NSF Awards UMD $15M to Lead Mid-Atlantic Innovation Hub
The National Science Foundation (NSF) has selected the University of Maryland to lead one of five multi-institutional hubs that will provide entrepreneurial training to academic researchers in science and engineering in order to foster and maintain U.S. global leadership in innovation.
The $15 million I-Corps Hubs, funded over five years, will extend the foundation’s Innovation Corps, or I-Corps, program that helps researchers commercialize their technologies and translate the impact of their work to the broader public. Each regional hub will include at least eight universities.
The Hubs will create tools, resources and training activities; identify and support promising research that can generate economic value; provide opportunities to diverse communities of innovators; and share and leverage effective innovation practices on a national scale.
“The University of Maryland has been deeply involved in the I-Corps program since the NSF created it a decade ago, and it has been instrumental in the rapidly growing innovation ecosystem in our region,” said UMD President Darryll J. Pines. “I’m pleased we will continue this great work as we partner with some of the largest and most prestigious institutions in the mid-Atlantic to help transform innovative research into scalable and sustainable solutions for society.”
UMD received its first grant from the I-Corps program in 2013 to lead the DC-I-Corps node, the precursor to the Hub program. The Academy for Innovation and Entrepreneurship oversees the university’s I-Corps programs and workshops through a collaboration with the Maryland Technology Enterprise Institute (Mtech), A. James Clark School of Engineering, UM Ventures, Division of Research, Dingman Center for Entrepreneurship and others.
Dean Chang, associate vice president for innovation and entrepreneurship at UMD, will serve as the primary investigator on the new NSF award, and Dan Kunitz, Mtech’s director of venture strategy and development in the Clark School, will serve as co-PI and hub director. Edmund Pendleton, who also has an appointment in Mtech, will serve as the Hub’s lead instructor. All three were involved in leading I-Corps programs for NSF alongside Pines when he served as Clark School dean.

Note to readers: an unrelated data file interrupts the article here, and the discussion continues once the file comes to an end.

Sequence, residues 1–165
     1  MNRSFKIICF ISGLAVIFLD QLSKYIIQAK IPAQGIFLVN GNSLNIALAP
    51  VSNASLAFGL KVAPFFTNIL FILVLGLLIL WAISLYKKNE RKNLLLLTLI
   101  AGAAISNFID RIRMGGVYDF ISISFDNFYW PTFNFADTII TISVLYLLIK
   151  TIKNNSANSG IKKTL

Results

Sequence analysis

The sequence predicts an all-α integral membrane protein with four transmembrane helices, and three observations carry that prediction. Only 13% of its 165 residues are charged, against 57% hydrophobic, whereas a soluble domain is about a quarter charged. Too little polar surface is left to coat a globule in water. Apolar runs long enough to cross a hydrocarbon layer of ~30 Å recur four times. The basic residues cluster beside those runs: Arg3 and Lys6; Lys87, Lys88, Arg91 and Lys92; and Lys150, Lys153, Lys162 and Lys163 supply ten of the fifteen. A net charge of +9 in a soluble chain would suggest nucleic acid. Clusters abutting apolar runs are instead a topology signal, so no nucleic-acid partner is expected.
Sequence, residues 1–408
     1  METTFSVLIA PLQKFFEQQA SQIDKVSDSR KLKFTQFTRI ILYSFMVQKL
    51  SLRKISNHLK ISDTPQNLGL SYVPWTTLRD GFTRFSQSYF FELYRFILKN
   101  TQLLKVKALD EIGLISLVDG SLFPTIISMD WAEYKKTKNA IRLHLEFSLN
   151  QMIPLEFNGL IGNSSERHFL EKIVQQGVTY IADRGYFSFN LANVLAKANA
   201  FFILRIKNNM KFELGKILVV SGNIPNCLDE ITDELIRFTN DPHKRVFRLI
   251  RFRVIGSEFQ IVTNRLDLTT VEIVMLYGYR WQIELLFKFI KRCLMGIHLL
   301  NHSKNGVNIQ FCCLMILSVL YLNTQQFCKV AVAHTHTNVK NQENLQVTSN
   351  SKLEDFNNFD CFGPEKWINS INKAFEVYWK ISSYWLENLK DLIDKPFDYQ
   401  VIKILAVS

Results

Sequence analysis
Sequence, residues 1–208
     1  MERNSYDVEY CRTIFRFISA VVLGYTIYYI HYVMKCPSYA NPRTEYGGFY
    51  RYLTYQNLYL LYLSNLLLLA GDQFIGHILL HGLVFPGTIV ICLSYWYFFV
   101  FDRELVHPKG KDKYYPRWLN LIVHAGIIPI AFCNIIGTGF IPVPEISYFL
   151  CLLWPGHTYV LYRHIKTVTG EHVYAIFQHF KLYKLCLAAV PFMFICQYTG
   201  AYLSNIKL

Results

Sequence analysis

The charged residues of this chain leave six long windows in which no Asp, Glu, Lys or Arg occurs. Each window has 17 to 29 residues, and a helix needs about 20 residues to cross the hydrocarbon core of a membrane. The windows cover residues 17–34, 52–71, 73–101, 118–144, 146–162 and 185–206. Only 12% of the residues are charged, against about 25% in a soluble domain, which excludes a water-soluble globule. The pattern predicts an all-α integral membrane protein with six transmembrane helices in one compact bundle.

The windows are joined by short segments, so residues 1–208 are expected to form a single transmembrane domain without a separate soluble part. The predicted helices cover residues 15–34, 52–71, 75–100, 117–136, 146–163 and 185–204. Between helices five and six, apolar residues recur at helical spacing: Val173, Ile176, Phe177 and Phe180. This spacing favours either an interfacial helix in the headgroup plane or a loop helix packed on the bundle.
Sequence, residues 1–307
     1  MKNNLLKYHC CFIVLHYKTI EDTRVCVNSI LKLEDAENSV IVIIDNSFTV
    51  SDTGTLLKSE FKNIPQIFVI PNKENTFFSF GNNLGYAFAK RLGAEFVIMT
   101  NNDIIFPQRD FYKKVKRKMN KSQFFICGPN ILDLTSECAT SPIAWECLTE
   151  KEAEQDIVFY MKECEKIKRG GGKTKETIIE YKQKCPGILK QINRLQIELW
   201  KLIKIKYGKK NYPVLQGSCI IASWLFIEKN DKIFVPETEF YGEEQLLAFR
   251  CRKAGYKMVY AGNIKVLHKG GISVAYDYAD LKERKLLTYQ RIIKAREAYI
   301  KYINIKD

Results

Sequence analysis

“Winning this I-Corps Hub is a testament to our truly collaborative effort including many talented and diverse partners and people from every corner of campus,” said Chang. “Without that diversity and collaboration, the innovation process just wouldn't be as rich or impactful.”
Other universities joining UMD in the mid-Atlantic I-Corps Hub include Carnegie Mellon University, George Washington University, Howard University, Johns Hopkins University, North Carolina State University, Penn State University, the University of North Carolina at Chapel Hill, the University of Pennsylvania and Virginia Tech.
The I-Corps Hubs form the new operational backbone of the National Innovation Network, a network of universities, NSF-funded researchers, established entrepreneurs, local and regional entrepreneurial communities, and other federal agencies that helps researchers learn how to translate fundamental research results to the marketplace. The Hubs will work collaboratively to build and sustain a diverse and inclusive innovation ecosystem throughout the U.S.
NSF plans to issue a new I-Corps Hubs solicitation in Fall 2021 to continue to expand opportunities for entrepreneurship education and technology translation throughout the United States. For more information on the five I-Corps Hubs announced this week, and participating institutions, visit https://www.nsf.gov/news/special_reports/i-corps/hubs.jsp.
Published August 25, 2021